The struggles on offense — 22 turnovers and 35 percent from beyond the arc in just 22 attempts — probably got the most attention on Thursday, but should not be long term concerns. We know that because two teams that feature former assistant coaches to Gregg Popovich have tried similar approaches and have been successful. The Bucks and the 76ers have surrounded their heavy-usage, limited-range stars with athletic defenders who can create in a pinch, which would be hard to justify in pick and roll-heavy offenses that need to prioritize shooting but isn’t as big an issue in motion offenses. Having several people who can initiate is a plus in most cases, even if a team has a Giannis Antetokounmpo, a Ben Simmons or a DeMar DeRozan.

There is, however, a significant difference between the Sixers’ and the Bucks’ stars and the Spurs’: DeMar DeRozan is only 6’7, and that is a killer on defense.

Someone has to guard a big man when a team starts four initiators with perimeter skills. That’s not an issue for Giannis or Simmons, since they are both big and excellent on their own end. DeRozan is not only built like a shooting guard but also averse to physicality on defense. Whenever the Spurs tried these small lineups for small stretches with him guarding bigs during the regular season, they suffered. We saw the same happen against the Bucks in a few possessions in which he had to guard Brook Lopez before Hammon had to switch the assignment.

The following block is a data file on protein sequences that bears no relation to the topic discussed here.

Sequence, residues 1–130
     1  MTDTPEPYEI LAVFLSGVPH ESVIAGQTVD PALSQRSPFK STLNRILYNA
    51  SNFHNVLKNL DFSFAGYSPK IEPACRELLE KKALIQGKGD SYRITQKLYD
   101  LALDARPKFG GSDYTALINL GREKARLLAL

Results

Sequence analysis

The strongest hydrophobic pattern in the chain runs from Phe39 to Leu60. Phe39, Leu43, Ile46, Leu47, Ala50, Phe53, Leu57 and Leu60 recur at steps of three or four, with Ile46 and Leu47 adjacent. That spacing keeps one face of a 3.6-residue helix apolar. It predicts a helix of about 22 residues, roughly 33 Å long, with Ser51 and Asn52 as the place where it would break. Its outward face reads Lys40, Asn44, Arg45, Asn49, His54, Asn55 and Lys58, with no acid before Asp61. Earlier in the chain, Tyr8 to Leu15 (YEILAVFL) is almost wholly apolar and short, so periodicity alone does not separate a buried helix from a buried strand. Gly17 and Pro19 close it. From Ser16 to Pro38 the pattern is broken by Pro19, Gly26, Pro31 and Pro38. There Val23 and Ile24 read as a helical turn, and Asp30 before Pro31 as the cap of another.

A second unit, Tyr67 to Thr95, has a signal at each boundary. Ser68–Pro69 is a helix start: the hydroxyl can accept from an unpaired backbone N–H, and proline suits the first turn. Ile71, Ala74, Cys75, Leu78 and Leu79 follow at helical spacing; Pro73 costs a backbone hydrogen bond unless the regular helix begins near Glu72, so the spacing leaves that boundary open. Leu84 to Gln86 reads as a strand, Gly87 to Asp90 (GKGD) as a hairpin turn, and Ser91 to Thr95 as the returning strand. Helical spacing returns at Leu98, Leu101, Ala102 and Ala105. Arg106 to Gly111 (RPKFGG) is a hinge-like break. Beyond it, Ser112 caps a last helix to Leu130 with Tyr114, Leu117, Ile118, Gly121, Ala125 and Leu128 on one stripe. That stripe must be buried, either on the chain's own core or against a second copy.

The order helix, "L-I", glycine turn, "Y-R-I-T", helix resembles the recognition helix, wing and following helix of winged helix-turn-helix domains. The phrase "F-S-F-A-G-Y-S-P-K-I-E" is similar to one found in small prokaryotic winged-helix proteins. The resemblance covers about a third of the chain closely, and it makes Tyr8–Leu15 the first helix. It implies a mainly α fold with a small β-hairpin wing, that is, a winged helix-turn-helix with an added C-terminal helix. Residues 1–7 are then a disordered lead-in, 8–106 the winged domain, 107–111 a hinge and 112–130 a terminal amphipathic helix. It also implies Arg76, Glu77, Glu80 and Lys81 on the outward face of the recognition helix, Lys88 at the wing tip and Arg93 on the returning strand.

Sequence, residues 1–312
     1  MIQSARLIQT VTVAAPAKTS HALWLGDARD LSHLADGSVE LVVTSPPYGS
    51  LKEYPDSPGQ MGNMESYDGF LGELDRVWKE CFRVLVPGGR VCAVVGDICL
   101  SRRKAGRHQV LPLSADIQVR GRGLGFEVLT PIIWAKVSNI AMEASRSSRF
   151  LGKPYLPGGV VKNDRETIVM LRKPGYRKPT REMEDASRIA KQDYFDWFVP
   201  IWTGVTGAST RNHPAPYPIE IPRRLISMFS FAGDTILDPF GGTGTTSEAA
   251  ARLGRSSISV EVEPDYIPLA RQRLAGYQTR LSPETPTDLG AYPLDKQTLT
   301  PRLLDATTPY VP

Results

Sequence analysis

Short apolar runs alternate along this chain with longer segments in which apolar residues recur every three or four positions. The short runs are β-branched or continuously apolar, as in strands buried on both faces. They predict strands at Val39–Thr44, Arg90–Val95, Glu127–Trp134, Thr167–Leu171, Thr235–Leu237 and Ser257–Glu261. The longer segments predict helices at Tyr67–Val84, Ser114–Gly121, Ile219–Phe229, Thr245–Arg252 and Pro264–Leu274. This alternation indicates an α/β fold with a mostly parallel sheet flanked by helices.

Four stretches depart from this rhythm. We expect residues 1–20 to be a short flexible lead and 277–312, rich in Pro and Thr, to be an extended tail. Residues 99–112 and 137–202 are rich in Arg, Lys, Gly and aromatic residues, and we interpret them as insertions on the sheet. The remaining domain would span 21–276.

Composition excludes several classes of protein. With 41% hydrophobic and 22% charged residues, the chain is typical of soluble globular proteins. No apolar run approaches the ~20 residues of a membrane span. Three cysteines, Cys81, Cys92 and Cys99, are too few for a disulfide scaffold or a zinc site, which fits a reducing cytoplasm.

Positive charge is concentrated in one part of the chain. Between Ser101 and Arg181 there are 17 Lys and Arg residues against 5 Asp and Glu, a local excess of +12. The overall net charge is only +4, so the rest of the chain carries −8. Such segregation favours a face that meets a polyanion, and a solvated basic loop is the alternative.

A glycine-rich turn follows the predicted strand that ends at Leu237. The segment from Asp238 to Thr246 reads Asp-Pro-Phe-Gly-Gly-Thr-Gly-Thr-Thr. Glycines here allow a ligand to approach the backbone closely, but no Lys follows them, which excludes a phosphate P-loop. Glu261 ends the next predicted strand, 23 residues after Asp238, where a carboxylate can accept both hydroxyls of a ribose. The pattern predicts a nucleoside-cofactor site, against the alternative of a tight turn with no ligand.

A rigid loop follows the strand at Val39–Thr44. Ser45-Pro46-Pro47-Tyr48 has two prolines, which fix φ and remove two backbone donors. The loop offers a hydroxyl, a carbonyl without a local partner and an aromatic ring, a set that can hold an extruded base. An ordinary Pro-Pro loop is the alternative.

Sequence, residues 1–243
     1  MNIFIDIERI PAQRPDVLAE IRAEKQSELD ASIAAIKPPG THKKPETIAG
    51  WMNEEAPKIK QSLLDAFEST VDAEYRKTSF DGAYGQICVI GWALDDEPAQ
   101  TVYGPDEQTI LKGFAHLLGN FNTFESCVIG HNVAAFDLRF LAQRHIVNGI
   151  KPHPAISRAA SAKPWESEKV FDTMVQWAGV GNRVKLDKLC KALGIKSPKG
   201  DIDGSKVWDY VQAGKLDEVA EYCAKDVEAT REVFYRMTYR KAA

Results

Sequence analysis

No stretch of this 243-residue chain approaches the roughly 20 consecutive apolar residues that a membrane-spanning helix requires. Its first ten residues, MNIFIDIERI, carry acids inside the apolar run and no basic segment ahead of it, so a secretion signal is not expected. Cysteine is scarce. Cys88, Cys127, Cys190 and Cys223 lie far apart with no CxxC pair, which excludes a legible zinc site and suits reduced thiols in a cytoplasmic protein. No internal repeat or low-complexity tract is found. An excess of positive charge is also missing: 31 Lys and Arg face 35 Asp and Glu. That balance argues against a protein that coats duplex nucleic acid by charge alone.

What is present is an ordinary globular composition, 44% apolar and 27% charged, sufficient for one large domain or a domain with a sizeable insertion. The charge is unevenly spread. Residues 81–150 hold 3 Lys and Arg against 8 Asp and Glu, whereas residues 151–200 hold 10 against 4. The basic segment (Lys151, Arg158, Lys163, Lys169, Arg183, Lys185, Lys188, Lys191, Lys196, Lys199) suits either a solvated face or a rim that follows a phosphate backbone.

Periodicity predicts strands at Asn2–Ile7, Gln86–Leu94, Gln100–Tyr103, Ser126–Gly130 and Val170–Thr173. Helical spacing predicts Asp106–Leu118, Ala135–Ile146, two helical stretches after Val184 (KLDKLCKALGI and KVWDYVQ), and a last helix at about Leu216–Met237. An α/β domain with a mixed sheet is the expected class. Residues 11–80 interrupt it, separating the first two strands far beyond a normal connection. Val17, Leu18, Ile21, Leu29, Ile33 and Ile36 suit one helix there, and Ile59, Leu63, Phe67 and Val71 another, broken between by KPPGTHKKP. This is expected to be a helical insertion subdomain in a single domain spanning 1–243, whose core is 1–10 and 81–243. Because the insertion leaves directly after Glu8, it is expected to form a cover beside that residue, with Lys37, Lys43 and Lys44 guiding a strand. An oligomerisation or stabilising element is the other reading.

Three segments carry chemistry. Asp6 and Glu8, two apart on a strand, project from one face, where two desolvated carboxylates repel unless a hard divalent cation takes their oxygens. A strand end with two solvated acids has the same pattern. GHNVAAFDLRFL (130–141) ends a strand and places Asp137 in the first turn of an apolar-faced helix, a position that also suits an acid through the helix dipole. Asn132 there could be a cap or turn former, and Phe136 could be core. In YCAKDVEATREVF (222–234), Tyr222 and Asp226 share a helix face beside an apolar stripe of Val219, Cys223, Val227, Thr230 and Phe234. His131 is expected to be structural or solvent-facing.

It’s not DeRozan’s fault that he has been asked to first move up to small forward and now to at least spend some time at power forward. His value is not on defense and as a shooting guard, he can be hidden. But to think that he will suddenly develop a taste for physical play would be foolish, and if one of the young guys has to guard bigs the value we expect them to have to the perimeter defense would be lessened.

Figuring out how to keep their three best perimeter defenders on the court as much as possible while also giving DeRozan his usual minutes will be a huge challenge for the Spurs.

It’s all going to be a mess for now, but at least we have hope

If the Spurs stick to this lineup featuring their three promising guards, the question about whether DeRozan should be in the team’s future plans will need an urgent answer. As good as the trio could potentially be on defense, there will be a learning period, as illustrated by the many breakdowns against the Bucks. The reluctance to shoot from outside from all three of Murray, White and Walker IV will be infuriating. The young guys playing won’t solve anything in the short term. In fact, it will almost surely do the opposite.

But we now finally have hope. The Spurs will be bad in Orlando, but it seems they will at least be bad in exciting ways. There was no upside to the Murray-Forbes-DeRozan perimeter trio, so it was hard to appreciate its occasional competence. The new one might be a mess at times, but it will at least allow us to project some growth in the future.

That alone makes the experiment worthwhile.